Movie review: How I Spent My Summer Vacation

I have a soft spot for Mel Gibson.

This is despite the public- relation debacles he has been embroiled in over the years - from alleged domestic violence to racism - that have adversely affected his reputation and Hollywood career.

In his defence, I'd say that he still impressed with his intense acting on his last two movies, Edge Of Darkness (2010) and The Beaver (2011).

Forget about the cameo on The Hangover 2 that he lost out on, due to disapproval from some members of that film's cast and crew. He now returns with How I Spent My Summer Vacation, which has been released under the title Get The Gringo on video-on-demand services in the United States.

If you're a fan of Gibson's Lethal Weapon films, you'll immediately recognise the daredevil tough-guy type that made him a star. This time round, he is a professional criminal - so hard-core that he possesses neither identification nor fingerprints.

The character is simply known as "Driver" in the credits because he is seen during the film's outset driving a getaway car across the border to crash on Mexican soil. There, he is arrested by corrupt cops, who promptly confiscate the millions he had earlier stolen from a mobster (Peter Stormare).

He is thrown into the El Pueblito prison, which turns out to be more like a sleazy ghetto filled with prostitutes, tattooists and loud mariachi music.

As Driver soon finds out, this prison is ruled by corrupt officials, as well as a powerful inmate, Javi (Daniel Gimenez Cacho), and his henchmen.

Usually, I would say "no" to excessive narration, but voiceovers by Driver provide wry observations and offbeat humour as he susses his way through the prison system.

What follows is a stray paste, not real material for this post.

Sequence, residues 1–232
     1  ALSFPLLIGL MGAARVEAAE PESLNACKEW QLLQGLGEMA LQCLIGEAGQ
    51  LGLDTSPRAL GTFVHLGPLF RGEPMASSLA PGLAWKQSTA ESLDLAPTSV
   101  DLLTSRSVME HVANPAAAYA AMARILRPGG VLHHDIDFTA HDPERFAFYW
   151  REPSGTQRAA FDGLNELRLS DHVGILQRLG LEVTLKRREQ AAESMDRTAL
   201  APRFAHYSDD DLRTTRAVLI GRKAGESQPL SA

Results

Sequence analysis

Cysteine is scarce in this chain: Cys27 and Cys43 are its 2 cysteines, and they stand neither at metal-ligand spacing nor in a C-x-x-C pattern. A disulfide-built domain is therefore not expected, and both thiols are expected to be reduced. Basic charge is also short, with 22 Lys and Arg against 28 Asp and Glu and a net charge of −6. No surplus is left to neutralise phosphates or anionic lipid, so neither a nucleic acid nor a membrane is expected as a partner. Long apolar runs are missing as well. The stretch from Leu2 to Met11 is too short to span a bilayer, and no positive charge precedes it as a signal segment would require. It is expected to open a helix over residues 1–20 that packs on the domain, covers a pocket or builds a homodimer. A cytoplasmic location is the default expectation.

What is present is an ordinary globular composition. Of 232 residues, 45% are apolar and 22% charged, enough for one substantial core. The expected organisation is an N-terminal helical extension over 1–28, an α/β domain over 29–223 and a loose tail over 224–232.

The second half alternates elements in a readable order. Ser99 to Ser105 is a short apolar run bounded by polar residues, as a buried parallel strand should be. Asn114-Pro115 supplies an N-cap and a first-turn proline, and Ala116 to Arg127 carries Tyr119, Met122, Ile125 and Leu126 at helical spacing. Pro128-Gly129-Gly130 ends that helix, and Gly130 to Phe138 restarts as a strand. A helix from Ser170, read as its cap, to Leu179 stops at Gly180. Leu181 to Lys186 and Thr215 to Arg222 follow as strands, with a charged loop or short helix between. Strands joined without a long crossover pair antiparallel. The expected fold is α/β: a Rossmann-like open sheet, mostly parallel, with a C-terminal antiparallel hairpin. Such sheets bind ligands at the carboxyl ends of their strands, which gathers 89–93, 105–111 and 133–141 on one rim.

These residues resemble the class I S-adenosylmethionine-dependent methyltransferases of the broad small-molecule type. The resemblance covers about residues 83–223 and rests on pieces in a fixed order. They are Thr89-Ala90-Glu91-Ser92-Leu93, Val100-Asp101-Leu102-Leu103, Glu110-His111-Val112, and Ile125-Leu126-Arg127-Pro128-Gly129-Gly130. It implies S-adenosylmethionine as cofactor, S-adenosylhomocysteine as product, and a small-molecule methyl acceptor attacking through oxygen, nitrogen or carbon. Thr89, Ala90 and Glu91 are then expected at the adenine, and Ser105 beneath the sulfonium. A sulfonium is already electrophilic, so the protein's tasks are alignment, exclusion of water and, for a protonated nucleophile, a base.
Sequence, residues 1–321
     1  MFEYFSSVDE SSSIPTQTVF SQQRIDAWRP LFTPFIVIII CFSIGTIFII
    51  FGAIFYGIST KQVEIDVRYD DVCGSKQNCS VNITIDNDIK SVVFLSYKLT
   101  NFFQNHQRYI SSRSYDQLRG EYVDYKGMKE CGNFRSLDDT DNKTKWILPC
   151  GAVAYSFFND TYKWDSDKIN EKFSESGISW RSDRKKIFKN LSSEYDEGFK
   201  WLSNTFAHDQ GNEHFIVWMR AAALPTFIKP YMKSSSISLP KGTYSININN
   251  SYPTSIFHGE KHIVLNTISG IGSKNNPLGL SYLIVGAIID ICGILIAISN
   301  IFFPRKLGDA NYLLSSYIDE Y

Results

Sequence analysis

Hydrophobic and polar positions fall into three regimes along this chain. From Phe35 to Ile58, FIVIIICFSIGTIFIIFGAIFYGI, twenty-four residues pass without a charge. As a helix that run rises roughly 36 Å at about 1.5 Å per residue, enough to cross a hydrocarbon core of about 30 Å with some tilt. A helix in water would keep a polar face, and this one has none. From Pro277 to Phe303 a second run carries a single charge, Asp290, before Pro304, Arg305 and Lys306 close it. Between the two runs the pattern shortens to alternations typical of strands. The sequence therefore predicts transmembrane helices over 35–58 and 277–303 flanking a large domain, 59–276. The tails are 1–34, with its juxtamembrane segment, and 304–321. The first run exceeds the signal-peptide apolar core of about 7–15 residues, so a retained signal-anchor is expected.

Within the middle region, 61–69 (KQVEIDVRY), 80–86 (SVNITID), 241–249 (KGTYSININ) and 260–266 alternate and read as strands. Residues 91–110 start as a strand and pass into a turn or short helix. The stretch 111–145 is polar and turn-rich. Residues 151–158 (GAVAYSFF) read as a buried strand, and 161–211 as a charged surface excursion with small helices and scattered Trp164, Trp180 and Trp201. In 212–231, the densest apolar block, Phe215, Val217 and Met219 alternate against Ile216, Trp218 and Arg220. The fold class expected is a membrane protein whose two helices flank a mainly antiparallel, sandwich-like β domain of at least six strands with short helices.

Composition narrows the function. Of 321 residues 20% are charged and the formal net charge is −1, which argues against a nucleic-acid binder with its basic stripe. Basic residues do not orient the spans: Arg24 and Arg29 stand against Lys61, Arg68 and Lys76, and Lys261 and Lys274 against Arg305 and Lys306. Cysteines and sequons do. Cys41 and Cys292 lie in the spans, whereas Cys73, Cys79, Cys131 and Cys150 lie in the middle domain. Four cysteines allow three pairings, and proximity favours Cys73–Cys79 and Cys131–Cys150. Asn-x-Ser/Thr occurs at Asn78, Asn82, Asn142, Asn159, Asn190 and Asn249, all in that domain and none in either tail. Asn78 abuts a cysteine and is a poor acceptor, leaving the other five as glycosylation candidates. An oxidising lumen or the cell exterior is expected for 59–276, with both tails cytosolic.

Directed by Adrian Grunberg (Gibson's assistant director on Apocalypto) from a script co-written by Gibson, Grunberg and Stacy Perskie, Summer Vacation is a blast from start to finish, filled with gritty action and surprises at every turn.

Perhaps Gibson is trying to project a positive persona onscreen - something he can't seem to achieve in real life. His character is certainly a likeable one, blessed with quick wit, bravado and a big heart.

In particular, Driver shows his tender side by warming up to two fellow prisoners, a worldly-wise 10-year-old boy (Kevin Hernandez) and his doting mother (Dolores Heredia). The complication is that the boy shares a rare blood type with Javi, who covets his liver for a much-needed transplant.

It's up to Driver to rescue mother and son, while sorting out his own predicament, with various enemies breathing down his neck. This, Gibson pulls off brilliantly in a role that seems tailor-made for him.

A comeback for Gibson? I can only hope so. But this film is enjoyable, no matter what you think of the actor and the controversies surrounding him in the real world.

Action/96 minutes
Rating: 3.5/5

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